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July 2016

West Virginia

West Virginia State University combined several of its programs in early June to conduct field research while harvesting broccoli. These programs looked at broccoli production in a high tunnel, cold storage during harvest, and use of assistive technology.

Various methods of field-cooling broccoli were tested to find the most effective way for farmers to cool their produce prior to packing and shipping for sale. The rapid cooling of the product in the field provides higher quality produce for the consumer. Four methods were tried to see which would cool the internal temperature of the broccoli the quickest.

  1. The first was to harvest the broccoli and place it in the packing boxes as it was cut and then place the box in a cooling trailer. The trailer's refrigeration is run by a generator so the farmer can take it directly to the field.
  2. The second method was to place the packing boxes in a cooler and blow air across them. This method would be more difficult for the farmer to reproduce in the field.
  3. The third method was to place the packing boxes in a cooler lined with ice bricks.
  4. The fourth method was to place the broccoli directly in the cooler on the ice bricks and layer ice bricks on the broccoli as it was harvested.

The fourth method was found to cool the broccoli the fastest, but there was concern about needing to handle the crop several times prior to shipment. Most farmers work alone and do not have the time to handle the crop several times.

Also during the harvest, various gardening scoots and benches were tested for ease of use and decreased stress on the body. Both individuals harvesting tried both devices and both individuals found a different device to work best for them. This reinforced the notion that even when doing the same task, people are different and require the equipment they use to fit them, rather than the individual changing to fit the equipment.

An observation was noted prior to the beginning of the harvest that the handle of the harvesting knife appeared to be awkward and would leave the harvesters hands fatigued. Both harvesters thought that would not be a problem as they began the harvest, but after all the broccoli was harvested, they stated that their hands were tired and had sore spots where the knife became hard to hold. Even though the knife blade was very functional and helpful during the harvest, the handle made the tool hard to use.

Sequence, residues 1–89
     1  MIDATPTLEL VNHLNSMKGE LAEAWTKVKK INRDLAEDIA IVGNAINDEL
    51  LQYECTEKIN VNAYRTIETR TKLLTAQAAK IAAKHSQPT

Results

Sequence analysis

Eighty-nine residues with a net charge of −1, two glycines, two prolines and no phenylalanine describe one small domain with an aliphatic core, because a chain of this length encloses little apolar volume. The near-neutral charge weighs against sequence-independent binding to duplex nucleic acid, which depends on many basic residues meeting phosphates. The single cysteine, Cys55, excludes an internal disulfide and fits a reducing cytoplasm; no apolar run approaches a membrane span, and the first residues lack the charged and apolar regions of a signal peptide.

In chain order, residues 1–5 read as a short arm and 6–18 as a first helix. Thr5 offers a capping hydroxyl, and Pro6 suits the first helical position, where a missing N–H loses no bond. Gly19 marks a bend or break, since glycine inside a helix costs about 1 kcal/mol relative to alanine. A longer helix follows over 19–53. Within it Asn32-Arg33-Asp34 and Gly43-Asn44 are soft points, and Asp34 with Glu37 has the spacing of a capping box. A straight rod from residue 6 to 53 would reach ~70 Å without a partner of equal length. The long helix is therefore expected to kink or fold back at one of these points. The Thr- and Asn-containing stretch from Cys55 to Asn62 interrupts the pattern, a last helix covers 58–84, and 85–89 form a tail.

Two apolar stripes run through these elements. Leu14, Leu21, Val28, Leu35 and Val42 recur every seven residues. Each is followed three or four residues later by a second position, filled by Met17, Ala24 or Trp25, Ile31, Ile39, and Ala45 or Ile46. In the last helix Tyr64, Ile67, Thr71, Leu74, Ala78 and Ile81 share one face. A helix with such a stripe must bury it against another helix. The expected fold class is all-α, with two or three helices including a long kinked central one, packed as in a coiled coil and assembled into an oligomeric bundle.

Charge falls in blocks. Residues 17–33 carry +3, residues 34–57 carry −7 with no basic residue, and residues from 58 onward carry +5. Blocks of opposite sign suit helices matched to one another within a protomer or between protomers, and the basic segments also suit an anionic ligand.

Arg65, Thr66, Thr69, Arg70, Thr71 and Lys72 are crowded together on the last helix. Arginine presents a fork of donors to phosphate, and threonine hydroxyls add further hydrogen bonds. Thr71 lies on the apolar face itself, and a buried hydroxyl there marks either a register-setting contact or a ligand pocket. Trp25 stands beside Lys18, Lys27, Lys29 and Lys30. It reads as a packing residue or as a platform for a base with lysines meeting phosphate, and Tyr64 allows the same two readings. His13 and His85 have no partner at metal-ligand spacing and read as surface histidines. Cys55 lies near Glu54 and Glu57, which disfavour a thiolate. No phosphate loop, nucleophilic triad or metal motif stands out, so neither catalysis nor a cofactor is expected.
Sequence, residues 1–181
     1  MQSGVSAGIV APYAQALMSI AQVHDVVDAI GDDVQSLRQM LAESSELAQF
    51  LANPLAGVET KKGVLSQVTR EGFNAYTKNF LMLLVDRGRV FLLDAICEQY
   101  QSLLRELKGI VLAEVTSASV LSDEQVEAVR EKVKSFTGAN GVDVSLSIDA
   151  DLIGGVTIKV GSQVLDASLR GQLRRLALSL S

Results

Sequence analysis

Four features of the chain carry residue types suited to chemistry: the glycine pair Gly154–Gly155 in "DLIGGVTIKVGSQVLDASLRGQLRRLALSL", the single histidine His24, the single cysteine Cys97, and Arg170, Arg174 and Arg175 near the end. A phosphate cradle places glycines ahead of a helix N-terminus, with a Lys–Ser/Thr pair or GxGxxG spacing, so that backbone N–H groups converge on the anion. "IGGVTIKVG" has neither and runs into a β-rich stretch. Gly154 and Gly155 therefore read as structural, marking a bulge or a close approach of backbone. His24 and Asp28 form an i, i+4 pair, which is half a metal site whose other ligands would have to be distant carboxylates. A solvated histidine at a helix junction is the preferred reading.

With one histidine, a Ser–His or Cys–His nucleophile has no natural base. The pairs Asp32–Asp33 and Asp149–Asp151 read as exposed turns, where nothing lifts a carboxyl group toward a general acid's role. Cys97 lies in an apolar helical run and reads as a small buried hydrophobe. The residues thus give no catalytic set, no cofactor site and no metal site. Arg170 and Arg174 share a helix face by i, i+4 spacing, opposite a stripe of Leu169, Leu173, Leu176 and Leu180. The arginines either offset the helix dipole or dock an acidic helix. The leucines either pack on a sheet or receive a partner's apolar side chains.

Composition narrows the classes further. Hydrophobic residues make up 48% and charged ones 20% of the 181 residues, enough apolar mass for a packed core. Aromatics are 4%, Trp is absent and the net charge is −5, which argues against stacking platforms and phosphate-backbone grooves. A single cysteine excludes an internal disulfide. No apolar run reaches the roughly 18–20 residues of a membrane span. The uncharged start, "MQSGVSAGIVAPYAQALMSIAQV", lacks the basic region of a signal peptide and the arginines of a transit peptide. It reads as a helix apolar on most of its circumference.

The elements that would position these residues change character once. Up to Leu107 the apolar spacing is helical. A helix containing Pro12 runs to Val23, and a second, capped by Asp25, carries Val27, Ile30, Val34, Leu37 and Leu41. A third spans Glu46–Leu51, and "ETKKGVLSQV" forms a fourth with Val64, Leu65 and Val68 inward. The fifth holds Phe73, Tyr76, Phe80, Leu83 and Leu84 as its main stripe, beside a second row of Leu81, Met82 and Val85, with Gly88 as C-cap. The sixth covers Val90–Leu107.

Pictures and videos of the broccoli harvest and testing can be viewed on the WV AgrAbility Facebook page.

This year the annual ISASH (International Society for Agricultural Safety and Health) Conference was held in Lexington, Kentucky, June 26-30. WV AgrAbility staff attended this four-day training for the agricultural safety and health community. This conference is a clearinghouse for research and intervention ideas and brings together engineers, educators, insurers, physicians, nurses, veterinarians, statisticians, communicators, anthropologists, business leaders and many others - all of whom play an influential role in agricultural safety and health. Sessions highlighted farm safety systems, youth safety, medical responses in agricultural safety and health, and many others. Various committees offered an opportunity to participate in focus areas.

A West Virginia University Extension agent sought out the assistance of WV AgrAbility staff to conduct an assistive technology assessment and to make recommendations for one of their 4-H members who wanted to show pigs at the county fair. The county fair board was concerned that the individual's disability would not allow her to show the pig during the showmanship and market show. The assessment was completed and recommendations were made. Education on the abilities of people with disabilities and a cooperative effort of the fair board, cooperative extension, the parent, and the 4-Her provided a young lady with a disability the opportunity to show her pig alongside of her peers. More on this story to follow after the county fair.

During the recent flooding in West Virginia, several AgrAbility clients were affected, displaced, and/or experienced a loss of livestock, hay, and produce. When one client was concerned about his remaining livestock, WV AgrAbility staff organized a crew and assisted with building temporary fencing to contain his remaining herd and secured hay and feed to assist with their care. While some onlookers could not understand his obsession with securing his herd since he had just lost his house, barn and all of his hay, he stated that those cows were the only income he had left to help him start over.

West Virginia AgrAbility continues to provide information and resources to farmers requesting assistance. During the month of June, WV AgrAbility staff conducted two farm site assessments and are working with West Virginia Division of Rehabilitation Services on securing funding for the needed agricultural modifications. Additional advocacy was provided to a farmer in securing the needed funding for farm site modifications from West Virginia Division of Rehabilitation.

Submitted by Tiffany Salamone